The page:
There may have been accessways inside the neck (or not -- I believe the neck was there to keep the nuclear-powered drive unit a safe distance from the habitation section, and it was pretty narrow), but you'd still need an airlock to actually get to the exterior of the ship.


message 33: by Daniel (last edited Apr 30, 2015 02:43PM) (new) - rated it 3 stars

Daniel K | 164 comments Trike wrote: "Sam and Dean Winchester have traveled through time and saved humanity a half-dozen times each. Same with Eureka, Buffy and Angel."

Great comparison. Totally hitting the level of Interstellar. Maybe you also want to compare Green Lantern movie with Avengers? They both have superheroes and monsters from space! They did the same thing!

Trike wrote: ""Scale" is not something I'm impressed by. You can save humanity or save your cat -- what matters is how well the story is told."

Interstellar had hypnotizing and massive story. I believed it totally besides all that 5th dimension with love stuff.

Trike wrote: "It's my opinion, but I'm also a filmmaker."

Lets all change our mind because mister filmmaker thinks otherwise! I had no problem with music loudness. Could be cinema's optional settings though in my case.

Trike wrote: "You need to see more movies."

There is always the place for education but if you think Buffy or Supernatural are good examples then i'll pass. Or maybe 2001: Space Odyssey 2001 or Gravity are more EPIC movies then Interstellar? Right. All other space movies either differ in genre and setting or their are less epic.

Trike wrote: "Which, by the way, Interstellar actually did. Problem was, it was all just gobbledy-gook. "

Are there a lot of movies that have conversations about quantum gravity in them?

AndrewP wrote: "nobody in my family could face 2.5 hours of Matthew McConaughey"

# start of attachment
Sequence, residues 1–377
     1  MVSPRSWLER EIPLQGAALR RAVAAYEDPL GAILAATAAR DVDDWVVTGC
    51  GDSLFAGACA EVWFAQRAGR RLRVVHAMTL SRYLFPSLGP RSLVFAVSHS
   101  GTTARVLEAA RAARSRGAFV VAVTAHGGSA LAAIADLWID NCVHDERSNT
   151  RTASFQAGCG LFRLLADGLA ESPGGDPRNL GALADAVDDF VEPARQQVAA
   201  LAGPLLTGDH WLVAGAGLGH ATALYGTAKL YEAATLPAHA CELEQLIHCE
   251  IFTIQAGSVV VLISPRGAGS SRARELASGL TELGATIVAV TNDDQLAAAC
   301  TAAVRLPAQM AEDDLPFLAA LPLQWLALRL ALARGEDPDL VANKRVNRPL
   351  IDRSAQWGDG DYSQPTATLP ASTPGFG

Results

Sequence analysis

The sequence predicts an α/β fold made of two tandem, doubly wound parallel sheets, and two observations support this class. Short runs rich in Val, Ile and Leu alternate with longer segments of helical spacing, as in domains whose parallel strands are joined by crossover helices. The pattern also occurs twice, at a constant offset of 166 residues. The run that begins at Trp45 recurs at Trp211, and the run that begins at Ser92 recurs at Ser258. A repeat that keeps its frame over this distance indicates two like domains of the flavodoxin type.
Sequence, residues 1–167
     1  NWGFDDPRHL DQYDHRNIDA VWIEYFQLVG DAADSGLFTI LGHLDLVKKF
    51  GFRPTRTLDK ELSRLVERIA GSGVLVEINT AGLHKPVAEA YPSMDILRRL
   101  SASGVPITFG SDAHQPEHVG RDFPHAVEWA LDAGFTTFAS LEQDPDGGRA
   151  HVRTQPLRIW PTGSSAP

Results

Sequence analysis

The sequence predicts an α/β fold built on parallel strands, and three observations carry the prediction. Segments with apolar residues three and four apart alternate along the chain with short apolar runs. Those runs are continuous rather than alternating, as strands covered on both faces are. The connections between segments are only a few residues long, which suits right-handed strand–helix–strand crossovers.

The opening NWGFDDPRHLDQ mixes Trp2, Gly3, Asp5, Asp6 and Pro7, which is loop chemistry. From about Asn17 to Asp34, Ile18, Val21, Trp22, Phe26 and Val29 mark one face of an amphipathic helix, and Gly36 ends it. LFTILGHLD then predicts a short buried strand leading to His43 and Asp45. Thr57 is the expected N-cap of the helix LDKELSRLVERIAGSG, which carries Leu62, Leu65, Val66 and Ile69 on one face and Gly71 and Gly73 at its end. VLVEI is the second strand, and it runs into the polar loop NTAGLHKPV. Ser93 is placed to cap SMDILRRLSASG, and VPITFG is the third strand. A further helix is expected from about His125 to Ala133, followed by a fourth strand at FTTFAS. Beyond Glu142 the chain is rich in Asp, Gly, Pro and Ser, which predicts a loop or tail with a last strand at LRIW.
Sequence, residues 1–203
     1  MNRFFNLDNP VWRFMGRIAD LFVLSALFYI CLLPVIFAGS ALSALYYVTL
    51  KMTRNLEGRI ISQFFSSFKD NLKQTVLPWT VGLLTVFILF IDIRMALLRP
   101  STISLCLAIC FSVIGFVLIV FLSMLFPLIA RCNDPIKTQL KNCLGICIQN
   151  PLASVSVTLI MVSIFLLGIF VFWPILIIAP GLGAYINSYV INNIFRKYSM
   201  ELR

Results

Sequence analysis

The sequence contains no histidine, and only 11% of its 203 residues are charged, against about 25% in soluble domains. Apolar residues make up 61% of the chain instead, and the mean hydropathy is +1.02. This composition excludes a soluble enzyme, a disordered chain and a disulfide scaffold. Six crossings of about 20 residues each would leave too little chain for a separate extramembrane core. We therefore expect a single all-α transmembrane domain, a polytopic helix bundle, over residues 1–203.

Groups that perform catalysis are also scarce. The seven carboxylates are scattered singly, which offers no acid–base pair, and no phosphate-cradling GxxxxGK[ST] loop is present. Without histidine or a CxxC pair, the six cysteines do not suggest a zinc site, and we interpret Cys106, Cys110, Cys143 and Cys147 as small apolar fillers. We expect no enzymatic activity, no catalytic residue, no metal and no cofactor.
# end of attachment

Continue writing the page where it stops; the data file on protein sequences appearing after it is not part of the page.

What's wrong with McConaughey? Turns out he is great actor. Dallas Buyers Club, Interstellar, True Detective totally prove that.


Trike | 8768 comments Joe Informatico wrote: "Trike wrote: "Gravity got the science right, and it's ten tons of awesome. It's EASY to get the science right. It's SIMPLE."

Gravity didn't get all the science right."


I wondered if Tyson actually watched the movie. Most of his observations were inaccurate and lazy. What perplexes me is that he got down on his knees and kissed Christopher Nolan's heiney yet ragged on Gravity. I suspect it's because he loves black holes and was mesmerized by the pretty pictures in Interstellar.

Then again, he is extraordinarily bad at sussing art. He's a typical Sheldon in that regard. His complaints about Titanic's sky are hilarious. He's technically right but he completely missed the point, which made him ultimately wrong.

As for 2001: (view spoiler)


Trike | 8768 comments Daniel wrote: "Are there a lot of movies that have conversations about quantum gravity in them?"

A lot? No. But there are more than there are movies that talk about Australian Shepherd dogs.

I've seen it discussed in Big Bang Theory, Futurama, Ben 10, The Avengers, Thor 2, Doctor Who, Star Trek, Firefly, Continuum, Eureka... if we include movies and TV shows which discuss the ramifications of quantum mechanics and time travel and/or fate, the list increases.